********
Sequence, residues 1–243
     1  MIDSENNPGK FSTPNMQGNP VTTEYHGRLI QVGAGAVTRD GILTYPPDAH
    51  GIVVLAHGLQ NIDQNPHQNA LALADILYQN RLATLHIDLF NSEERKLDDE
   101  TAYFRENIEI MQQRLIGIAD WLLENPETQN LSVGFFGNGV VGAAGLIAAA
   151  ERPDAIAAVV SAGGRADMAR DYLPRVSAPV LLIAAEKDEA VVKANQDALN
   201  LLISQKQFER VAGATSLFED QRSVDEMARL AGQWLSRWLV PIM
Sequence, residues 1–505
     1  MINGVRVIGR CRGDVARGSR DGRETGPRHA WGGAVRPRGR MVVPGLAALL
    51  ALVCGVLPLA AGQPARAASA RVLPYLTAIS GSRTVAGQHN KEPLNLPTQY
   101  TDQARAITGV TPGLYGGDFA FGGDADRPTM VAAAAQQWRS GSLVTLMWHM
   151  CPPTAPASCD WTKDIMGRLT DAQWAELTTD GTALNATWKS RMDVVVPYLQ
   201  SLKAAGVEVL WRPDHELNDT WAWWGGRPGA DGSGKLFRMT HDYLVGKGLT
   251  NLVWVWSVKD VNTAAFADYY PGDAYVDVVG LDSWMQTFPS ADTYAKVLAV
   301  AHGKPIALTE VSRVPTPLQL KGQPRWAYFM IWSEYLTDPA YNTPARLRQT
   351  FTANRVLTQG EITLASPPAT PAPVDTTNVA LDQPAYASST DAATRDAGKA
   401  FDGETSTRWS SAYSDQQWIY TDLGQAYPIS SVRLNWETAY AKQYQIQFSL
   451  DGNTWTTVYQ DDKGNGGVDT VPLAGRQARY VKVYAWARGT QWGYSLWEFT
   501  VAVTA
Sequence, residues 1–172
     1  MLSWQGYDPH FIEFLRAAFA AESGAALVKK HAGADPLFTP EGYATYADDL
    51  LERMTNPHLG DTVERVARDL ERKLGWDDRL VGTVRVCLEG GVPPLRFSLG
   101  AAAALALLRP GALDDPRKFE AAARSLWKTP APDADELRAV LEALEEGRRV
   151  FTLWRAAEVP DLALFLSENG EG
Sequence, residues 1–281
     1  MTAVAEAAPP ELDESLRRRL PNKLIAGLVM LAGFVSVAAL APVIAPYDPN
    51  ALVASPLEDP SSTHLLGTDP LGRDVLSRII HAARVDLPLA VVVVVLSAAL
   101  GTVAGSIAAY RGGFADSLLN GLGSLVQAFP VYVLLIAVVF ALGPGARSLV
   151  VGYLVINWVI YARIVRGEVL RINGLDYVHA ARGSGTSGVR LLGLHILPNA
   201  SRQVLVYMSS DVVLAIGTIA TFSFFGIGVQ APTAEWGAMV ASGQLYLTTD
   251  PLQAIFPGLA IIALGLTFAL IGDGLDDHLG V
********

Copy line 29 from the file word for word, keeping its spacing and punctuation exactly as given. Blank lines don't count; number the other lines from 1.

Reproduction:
   201  SRQVLVYMSS DVVLAIGTIA TFSFFGIGVQ APTAEWGAMV ASGQLYLTTD